Inttranews: Did you find any marked differences in communication between chimpanzees raised in zoos and in the wild? If so, what where they?

KS: In my experience there seem to be remarkably few global differences in vocal communication in wild and captive chimpanzees. Call production and usage seems to be fairly consistent across the two populations. Obviously there are differences due the two different environments (i.e. the stimulus for alarm calling tends to be natural predators such as snakes in the wild, whereas captive chimps will produce alarm calls to things such as cement mixers) and other research indicates there are likely to be mild ‘local dialects’ specific to different populations of chimpanzees. However, in general the same types of calls seem to be given in the same behavioural contexts across the two populations, indicating there may only be a limited role for learning in call production.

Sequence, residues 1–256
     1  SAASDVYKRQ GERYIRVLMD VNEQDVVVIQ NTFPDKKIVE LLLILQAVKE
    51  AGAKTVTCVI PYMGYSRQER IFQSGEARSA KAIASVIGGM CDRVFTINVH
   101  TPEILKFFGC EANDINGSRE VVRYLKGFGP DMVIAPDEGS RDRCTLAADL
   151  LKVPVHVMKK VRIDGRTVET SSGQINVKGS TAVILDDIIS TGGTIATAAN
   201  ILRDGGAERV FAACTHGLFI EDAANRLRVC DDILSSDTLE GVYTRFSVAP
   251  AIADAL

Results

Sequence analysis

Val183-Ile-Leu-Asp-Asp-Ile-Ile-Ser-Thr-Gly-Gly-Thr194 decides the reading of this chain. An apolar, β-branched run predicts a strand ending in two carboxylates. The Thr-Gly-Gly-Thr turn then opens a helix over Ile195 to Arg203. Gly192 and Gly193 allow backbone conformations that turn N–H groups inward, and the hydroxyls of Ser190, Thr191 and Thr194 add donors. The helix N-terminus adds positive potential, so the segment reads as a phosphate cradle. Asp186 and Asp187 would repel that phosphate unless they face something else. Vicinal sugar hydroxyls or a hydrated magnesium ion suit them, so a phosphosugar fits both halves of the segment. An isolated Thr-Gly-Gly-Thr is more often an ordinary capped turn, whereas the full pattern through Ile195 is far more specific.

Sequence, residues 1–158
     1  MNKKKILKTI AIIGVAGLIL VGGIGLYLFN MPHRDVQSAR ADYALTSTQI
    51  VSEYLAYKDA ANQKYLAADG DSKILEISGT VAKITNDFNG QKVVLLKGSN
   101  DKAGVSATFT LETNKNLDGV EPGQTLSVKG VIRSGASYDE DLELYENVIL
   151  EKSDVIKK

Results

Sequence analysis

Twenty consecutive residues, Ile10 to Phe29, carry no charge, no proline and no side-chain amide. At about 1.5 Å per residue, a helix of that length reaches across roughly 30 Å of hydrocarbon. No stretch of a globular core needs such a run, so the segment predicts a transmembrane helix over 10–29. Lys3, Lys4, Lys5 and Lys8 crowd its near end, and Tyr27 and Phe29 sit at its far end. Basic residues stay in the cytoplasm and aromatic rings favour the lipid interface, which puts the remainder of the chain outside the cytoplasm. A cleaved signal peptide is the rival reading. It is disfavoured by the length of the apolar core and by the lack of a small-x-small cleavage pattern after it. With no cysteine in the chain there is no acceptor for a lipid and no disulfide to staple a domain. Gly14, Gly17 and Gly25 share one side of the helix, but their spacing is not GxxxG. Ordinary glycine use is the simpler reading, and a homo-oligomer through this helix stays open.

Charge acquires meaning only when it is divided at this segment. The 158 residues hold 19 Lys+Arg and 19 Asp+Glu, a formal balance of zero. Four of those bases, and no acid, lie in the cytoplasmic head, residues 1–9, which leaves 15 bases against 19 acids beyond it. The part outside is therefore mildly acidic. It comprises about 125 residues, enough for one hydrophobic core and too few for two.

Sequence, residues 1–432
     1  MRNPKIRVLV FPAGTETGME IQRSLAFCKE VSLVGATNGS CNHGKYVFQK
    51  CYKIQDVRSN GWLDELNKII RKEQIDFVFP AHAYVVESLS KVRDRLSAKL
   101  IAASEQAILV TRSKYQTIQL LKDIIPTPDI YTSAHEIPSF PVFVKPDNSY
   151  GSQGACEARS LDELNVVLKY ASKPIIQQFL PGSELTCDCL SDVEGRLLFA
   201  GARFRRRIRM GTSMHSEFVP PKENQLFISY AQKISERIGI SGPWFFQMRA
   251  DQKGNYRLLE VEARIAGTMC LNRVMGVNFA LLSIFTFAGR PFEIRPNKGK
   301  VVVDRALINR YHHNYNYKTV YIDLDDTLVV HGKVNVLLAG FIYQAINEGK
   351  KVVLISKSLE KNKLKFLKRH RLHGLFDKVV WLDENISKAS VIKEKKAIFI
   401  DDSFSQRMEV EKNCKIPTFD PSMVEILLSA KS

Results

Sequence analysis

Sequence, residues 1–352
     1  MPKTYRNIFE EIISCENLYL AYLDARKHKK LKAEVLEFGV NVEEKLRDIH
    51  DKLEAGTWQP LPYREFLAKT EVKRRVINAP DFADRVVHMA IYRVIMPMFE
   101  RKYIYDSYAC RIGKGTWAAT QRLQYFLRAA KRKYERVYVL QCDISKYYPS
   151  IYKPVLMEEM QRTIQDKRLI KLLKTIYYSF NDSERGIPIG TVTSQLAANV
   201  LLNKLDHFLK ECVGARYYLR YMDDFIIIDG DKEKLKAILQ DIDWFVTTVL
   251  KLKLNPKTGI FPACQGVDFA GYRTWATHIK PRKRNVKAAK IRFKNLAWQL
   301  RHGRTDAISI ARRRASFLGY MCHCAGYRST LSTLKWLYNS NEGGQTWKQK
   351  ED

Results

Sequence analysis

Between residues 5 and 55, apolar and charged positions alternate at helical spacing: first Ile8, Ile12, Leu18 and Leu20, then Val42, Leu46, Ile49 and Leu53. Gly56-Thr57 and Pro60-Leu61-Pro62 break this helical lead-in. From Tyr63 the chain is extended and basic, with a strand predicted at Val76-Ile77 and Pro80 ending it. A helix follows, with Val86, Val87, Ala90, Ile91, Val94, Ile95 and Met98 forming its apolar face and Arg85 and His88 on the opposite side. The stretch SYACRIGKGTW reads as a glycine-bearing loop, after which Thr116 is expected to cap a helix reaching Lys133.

Inttranews: Experiments are continuing today in the use of sign language with chimpanzees, gorillas and orang-utans, and there is some evidence of the transfer of acquired signs by parents to offspring. Is any research being carried out on this facet of primate communication?

KS: Questions concerning to what extent natural communication has to be learnt in apes and what mechanisms may under lie this learning if it does occur are very interesting. However to date very little work has been completed on the ontogeny of natural vocal communication in apes. Evidence from other primate species indicates vocal production is largely innate with only small amounts of flexibility available in call usage (e.g. young vervet monkeys given eagle alarm calls to most aerial objects to begin with and gradually learn to narrow this so as adults they only give eagle alarm calls to Martial eagles). However, it seems more likely that there is much more flexibility and room for learning in call comprehension.